As extreme weather events become more prevalent with each passing year, it’s worth examining the damage they can bring. In addition to the devastating effects storms have on an area’s people and property, they canalso take a toll on your investments.
The National Oceanic and Atmospheric Administration said six major weather events have surpassed the $1 billion mark in losses so far this year, and that was before the most recent threat, Hurricane Dorian, hit the East Coast. The total from last year’s U.S. disasters exceeded $14 billion.
While it’s easy to assume natural disasters have always been around, note in the accompanying bar chart that half of the top 10 most costly disasters in the past four decades happened since 2012 — and are occurring more frequently with each passing year.
Top 10 Most Expensive Weather Events in the U.S. Since 1980
Figures in billions, adjusted for inflation
If you’re a small business owner, the impact of storm damage may be significant. Repairs and business disruption can impact cash flow needs for you and your employees. For large companies, shutting down for a significant amount of time can also impact customers. A shortage of goods frequently means costs are passed on to consumers via higher prices.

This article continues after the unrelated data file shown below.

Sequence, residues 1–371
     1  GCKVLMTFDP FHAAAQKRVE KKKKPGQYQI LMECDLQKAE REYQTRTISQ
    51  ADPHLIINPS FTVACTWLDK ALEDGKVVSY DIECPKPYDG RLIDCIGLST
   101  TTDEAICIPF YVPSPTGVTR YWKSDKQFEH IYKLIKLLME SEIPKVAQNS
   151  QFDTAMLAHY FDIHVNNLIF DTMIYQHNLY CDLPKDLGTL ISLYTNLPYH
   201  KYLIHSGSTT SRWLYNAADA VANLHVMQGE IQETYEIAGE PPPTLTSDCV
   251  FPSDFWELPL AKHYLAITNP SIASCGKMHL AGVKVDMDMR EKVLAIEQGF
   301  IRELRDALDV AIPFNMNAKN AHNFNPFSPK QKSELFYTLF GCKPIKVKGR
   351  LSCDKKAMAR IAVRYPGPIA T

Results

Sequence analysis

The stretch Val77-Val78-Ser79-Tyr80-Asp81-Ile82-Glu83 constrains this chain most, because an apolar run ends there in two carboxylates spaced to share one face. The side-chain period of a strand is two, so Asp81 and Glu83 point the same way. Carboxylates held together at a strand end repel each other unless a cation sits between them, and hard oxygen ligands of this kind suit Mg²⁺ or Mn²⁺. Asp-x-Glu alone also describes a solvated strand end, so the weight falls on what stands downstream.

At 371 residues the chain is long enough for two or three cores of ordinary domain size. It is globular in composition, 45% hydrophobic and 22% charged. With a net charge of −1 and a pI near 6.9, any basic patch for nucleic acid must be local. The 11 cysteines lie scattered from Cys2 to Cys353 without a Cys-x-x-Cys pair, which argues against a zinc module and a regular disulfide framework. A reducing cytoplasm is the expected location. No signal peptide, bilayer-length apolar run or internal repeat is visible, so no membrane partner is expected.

Shareholders may be affected by a severe dip in revenues. The ripple effect in any business tends to start close to home and then spread outward, increasing with the time it takes to recover.
When Hurricane Harvey washed ashore in 2017, many oil refineries in Texas had to shutter for a time, which impacted production levels. A similar scenario ensued after Hurricane Katrina made landfall on the Gulf Coast in 2005, causing higher gas prices that not only affected customers but also narrowed profit margins for companies that rely on the transportation of consumer goods.
Natural disasters tend to exacerbate the inherent principles of supply and demand, whereas reduced supplies of consumer staples cause price inflation and become commoditized as a result.
The good news is natural disasters, like many other types of temporary market disruptions, don’t tend to have a long-term impact on stock market performance. Three of the most damaging storms in U.S. history — Maria, Irma and Harvey — which all made landfall in 2017, barely registered a blip on the S&P Index. According to one market analyst, there is little evidence correlating storm damage with long-term stock market performance.